Firefox Blocks Adobe Flash, Fix Still Uncertain

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Have you noticed regular pop-ups blocking Flash files from loading in your Firefox browser? Well expect more of that as Mozilla Firefox Web Browser has been blocking the Adobe Flash since Monday.

And although Adobe Flash has released an updated version which Firefox seem to accept by default, ?there is still no certain ?assurance that Flash has addressed its malware susceptibility. If it is still vulnerable, and thousands or millions of Flash users may still be prone to different viruses.

But what is Flash? It is a ?middleware? software which puts an add-on extension to the browser to that allows users to view content. Flash was widely used before and even entirely powered YouTube?s ability to play videos. Now, only 11% of websites use flash, survey company W3Techs said.

The issue started when Mozilla Firefox Web Browser blocked Flash after Facebook Security Chief Alex Stamos publicly asked Adobe to remove their plug-in. ?It is time for Adobe to announce the end-of-life date for Flash and to ask the browsers to set killbits on the same date,? Stamos tweeted.

The following day, Mozilla temporarily blocked all versions of Flash. Mozilla Mark Schmidt then tweeted that Firefox will stop actively blocking Flash after they have fixed the vulnerabilities.

?To be clear, Flash is only blocked until Adobe releases a version which isn?t being actively exploited by publicly known vulnerabilities,? Schmidt said.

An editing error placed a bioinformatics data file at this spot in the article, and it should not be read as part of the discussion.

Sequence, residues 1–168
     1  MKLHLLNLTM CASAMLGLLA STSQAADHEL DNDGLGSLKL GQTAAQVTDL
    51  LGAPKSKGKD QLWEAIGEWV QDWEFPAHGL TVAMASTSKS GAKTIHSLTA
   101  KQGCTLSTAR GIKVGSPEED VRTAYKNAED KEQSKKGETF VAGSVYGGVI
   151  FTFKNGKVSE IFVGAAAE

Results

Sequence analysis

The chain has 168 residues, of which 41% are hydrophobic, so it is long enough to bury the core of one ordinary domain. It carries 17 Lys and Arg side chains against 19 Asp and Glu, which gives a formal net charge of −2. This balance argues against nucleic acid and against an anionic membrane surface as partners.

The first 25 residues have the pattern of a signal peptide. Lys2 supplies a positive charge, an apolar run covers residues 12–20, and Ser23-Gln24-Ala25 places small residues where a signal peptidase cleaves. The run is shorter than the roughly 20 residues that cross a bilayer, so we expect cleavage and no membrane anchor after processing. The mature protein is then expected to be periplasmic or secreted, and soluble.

Everyone was afraid of Flash when Italian security company ?Hacking Team? which reportedly had three working exploits for flash, was hacked. After they were hacked, all of the tools they used were spread and may endanger internet users with malware and other viruses.

Symantec confirmed that an existence of a Flash exploit works on the latest version of flash (18.0..194). They also confirmed it works against people viewing content with Internet Explorer and presumed will work against other browsers.

Symantec tested the malware: ?Given the source of the proof-of-concept code, it is possible that this vulnerability has already been explored in the wild,? Symantec said in a blog post. ?Successful exploitation could cause a crash and potentially allow an attacker to take control of the affected computer.?

In 2010, Steve Jobs was able to foresee the problem. He wrote a 1700-word account of why he refused to put Adobe Flash in the Apple iOS. He also said it was ?the number one reason Macs crash? as Flash has ?one of the worst security records in 2009?.

An exploit broker of a separate Zeroday in the Windows Kernel said the vulnerability has been in every version of Windows since Windows XP.

Do you think Adobe Flash should be removed?

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